6 mins, 33 secs read time
What does working in the hospitality industry have to do with working in the recruiting industry? A lot more than you’d think!
During my career in hospitality management, I led numerous teams, ranging in size from 6 to 60. My employees also ranged in age from 18 to 60 and came from various educational, socio-economic, and ethnic backgrounds. To say the least, it was a great learning experience working with such a diverse group of individuals on a daily basis. I gained so much insight about relationships, team dynamics, and most importantly, how to effectively manage varying personalities, strengths, and skillsets to bring the most out of every team member.
Fast forward 9 years, and I now work in the fascinating world of corporate recruiting! Lucky for me, I have been able to take much of what I learned as a restaurant manager and apply it to my current career as a recruiting manager.
Now I certainly can’t make any claims to be an expert on management or leadership. But what I can do is share some lessons and epiphanies that I’ve had along the way, enabling me to effectively manage my small team of ambitious, hard-working, eager-to-learn recruiters at Greenhouse—and hopefully these will help you in your pursuit to do the same.
Here are 4 tactics to guide you in leading your recruiting team to success:
1. Set goals that create a sense of accomplishment
Okay, this point definitely falls into the “good idea for all managers” category, but I’d like to speak to the way that I set recruiting goals at Greenhouse. Recruiting is unique in that it is a people-oriented industry, making it easy to use the excuse “There are too many human factors to quantify our goals.” But I disagree. You must recognize the human factors (sure, a hiring manager’s summer vacation can delay your hiring process by two weeks), but you must also continue to set tangible short- and long-term goals for your team to keep them on track and working towards something at all times.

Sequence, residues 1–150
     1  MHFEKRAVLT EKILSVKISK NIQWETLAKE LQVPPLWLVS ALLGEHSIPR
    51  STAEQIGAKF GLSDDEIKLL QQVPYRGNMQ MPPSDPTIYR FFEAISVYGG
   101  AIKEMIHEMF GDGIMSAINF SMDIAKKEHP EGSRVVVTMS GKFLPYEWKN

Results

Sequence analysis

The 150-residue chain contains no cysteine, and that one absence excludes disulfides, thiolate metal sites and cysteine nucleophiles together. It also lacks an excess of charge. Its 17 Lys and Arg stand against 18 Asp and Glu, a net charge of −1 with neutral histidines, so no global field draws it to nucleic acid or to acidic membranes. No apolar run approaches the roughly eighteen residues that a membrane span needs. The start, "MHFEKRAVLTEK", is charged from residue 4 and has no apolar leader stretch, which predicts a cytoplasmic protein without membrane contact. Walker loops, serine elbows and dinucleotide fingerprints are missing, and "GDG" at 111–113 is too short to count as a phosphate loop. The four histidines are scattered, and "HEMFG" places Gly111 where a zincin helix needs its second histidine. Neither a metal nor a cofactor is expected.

Here, our short-term goals are like weekly sprints. For example, based on past pipeline data it may take 50 prospecting emails to get to the 10 qualified phone screens necessary for 5 onsite interviews and ultimately 1 hire. Clearly, our short-term goal here would be 50 prospecting emails sent during the first week a role is open. That being said, I choose not to measure my team’s success on these incremental goals, but rather use them as a tool to help us get to the big picture goal: a great hire and a great experience for both the hiring manager and the candidates.
Clearly, if you don’t set goals—whether big picture or incremental or both—you are are not setting your team up for success, and you are not giving them the opportunity to feel the rewards of that success. And, if you don’t track the results, it is difficult to show your team’s value to the company and difficult to iterate and improve as a team. Remember: Your team members need to feel like their work is integral to the success of the organization as a whole. That’s what will encourage them to continue performing at a high level and move the business forward.
2. Empower your recruiters to be confident business partners
Have you ever been out to dinner, and had flawless service? Every question you asked the server had a clear, knowledgeable response, and your drink was refilled many times without asking—actually, everything was done perfectly without asking. Why is that? That server knew their job inside & out, was confident about that fact, and most importantly—was empowered by their manager to take control of your dining experience. Recruiters happen to be in the service industry as well.